Meryl Streep (“August: Osage County“) breaks her own Academy record with an 18th acting nomination (15 leading, 3 supporting). The next closest with 12 nods each are Katharine Hepburn and Jack Nicholson.
Hepburn is the only person to ever win four Oscars for acting. Streep could share that record if she wins this time.
Streep and Hepburn are two of the six people to win at least three Oscars for acting. The others are Ingrid Bergman, Walter Brennan, Daniel Day-Lewis, and Nicholson.
Composer John Williams earns his 49th Oscar nomination, more than any living person. He is nodded for “The Book Thief” as Best Original Score. The all-time champ is Walt Disney with 59 bids.
Composer Thomas Newman (“Saving Mr. Banks”) receives his 12th Oscar nomination but has never won before. Going back to the early days of the Oscars, his composing family (Alfred, David, Emil, Lionel, and Randy) has the overall family record of 88 nominations.
Likewise, cinematographer Roger Deakins (“Prisoners”) earns his 11th career nomination with no wins.
Megan Ellison is nominated against herself in the Best Picture category for producing “American Hustle” and “Her.” She is only the third person (Francis Ford Coppola, Scott Rudin) to pull off this double act.
With his bid for “The Wolf of Wall Street,” Martin Scorsese is now in a tie with Billy Wilder for the second most nominations among directors. They both achieved eight nods, behind William Wyler‘s total of 12.
Jennifer Lawrence could become the youngest person to ever win two acting Oscars. She is nominated for “American Hustle” this year and won for “Silver Linings Playbook” last year. The current record-holder as the youngest double Oscar winner is Luise Rainer (“The Great Ziegfeld,” “The Good Earth”), who was 28 when she earned her second.
Lawrence could also become the sixth person to win consecutive acting Oscars. The others were Rainer, Spencer Tracy (“Captains Courageous,” “Boys Town”), Katharine Hepburn (“Guess Who’s Coming to Dinner,” “The Lion in Winter”), Jason Robards (“All the President’s Men,” “Julia”), and Tom Hanks (“Philadelphia,” “Forrest Gump”).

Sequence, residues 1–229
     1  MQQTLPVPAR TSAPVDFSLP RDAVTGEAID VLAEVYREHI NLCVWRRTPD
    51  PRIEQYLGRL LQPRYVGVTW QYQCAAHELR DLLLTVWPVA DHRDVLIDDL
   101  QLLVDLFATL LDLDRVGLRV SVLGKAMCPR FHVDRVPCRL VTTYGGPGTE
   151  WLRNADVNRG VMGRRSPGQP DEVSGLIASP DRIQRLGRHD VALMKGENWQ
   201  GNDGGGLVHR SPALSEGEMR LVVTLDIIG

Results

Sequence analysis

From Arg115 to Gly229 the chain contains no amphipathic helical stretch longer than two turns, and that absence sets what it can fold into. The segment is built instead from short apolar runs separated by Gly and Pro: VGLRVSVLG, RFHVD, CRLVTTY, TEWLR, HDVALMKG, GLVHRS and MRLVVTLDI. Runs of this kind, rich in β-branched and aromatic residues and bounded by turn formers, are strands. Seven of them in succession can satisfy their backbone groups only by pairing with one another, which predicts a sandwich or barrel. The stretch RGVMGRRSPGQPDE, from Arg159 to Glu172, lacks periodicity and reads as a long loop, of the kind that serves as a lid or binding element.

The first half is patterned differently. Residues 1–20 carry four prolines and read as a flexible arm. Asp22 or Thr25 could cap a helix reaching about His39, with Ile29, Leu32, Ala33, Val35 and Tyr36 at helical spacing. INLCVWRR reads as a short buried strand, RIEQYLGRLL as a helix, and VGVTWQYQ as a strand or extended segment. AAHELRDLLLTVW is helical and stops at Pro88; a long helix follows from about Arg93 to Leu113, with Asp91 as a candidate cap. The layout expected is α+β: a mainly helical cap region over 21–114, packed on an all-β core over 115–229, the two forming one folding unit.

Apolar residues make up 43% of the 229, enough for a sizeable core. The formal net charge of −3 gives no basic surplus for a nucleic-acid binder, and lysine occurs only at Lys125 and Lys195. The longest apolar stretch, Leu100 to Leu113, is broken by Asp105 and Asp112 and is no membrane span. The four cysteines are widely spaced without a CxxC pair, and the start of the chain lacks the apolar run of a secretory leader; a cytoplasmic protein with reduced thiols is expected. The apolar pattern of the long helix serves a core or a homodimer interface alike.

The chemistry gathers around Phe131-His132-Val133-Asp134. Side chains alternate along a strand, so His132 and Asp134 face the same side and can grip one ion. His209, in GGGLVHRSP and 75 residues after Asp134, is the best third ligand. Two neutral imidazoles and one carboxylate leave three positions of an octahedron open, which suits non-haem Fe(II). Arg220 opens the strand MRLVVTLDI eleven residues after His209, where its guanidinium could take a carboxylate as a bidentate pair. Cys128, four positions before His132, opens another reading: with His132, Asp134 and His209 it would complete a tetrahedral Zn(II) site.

Five consecutive Golden Globe winners as Best Supporting Actress have also won Oscars. That would favor Lawrence (“American Hustle”) this time.
If June Squibb (“Nebraska”) wins as Best Supporting Actress, she would become the oldest winner of any Oscar category at age 84. The current holder of that record is Christopher Plummer, who won at age 82 for “Beginners.”
If Lupita Nyong’o (“12 Years a Slave“) wins as Best Supporting Actress, she would be the ninth person to do so in this category for their film debut. The most recent ladies to accomplish this were Jennifer Hudson (“Dreamgirls”) and Anna Paquin (“The Piano”).
If Barkhad Abdi (“Captain Phillips“) wins as Best Supporting Actor, he would be only the third person to win this category for a film debut. The others were Haing S. Ngor (“The Killing Fields”) and Harold Russell (“The Best Years of Our Lives”).
Woody Allen (“Blue Jasmine“) could break his own record in the screenplay category. He has already won the most times (3) for Original Screenplay. He also now has had 16 overall nominations in his career, by far the record for writing.
Robert Lopez could become the 12th person to achieve EGOT status by winning an Emmy, Grammy, Oscar, and Tony over a career. He is nominated for Best Original Song (“Let It Go” from “Frozen”). He won Tonys for “Avenue Q” and “The Book of Mormon,” a Grammy for “The Book of Mormon,” and a Daytime Emmy for “The Wonder Pets.”
The Best Picture winners with the most nominations were “All About Eve” and “Titanic” with 14. The movies with the most nominations this year are “American Hustle” and “Gravity” with 10 each.
Every Best Picture winner in the past 60 years has also been nominated in a screenplay category except for “The Sound of Music” and “Titanic.”
Every Best Picture winner since 1981 has also been nominated for Best Editing. 1980’s “Ordinary People” was the last one without an editing bid.
Recent Best Picture winners nominated for Best Sound Editing: “No Country for Old Men” (winner), “Slumdog Millionaire,” “The Hurt Locker (winner), and “Argo.”
Recent Best Picture winners nominated for Best Sound Mixing: “Lord of the Rings: Return of the King” (winner), “No Country for Old Men,” “Slumdog Millionaire” (winner), “The Hurt Locker” (winner), “The King’s Speech,” and “Argo.”
Best Picture winners to also win Best Visual Effects include: “Titanic,” “Gladiator,” and “Lord of the Rings: Return of the King.”
No sci-fi film has ever won the Oscar as Best Picture. “Gravity” could become the first this year.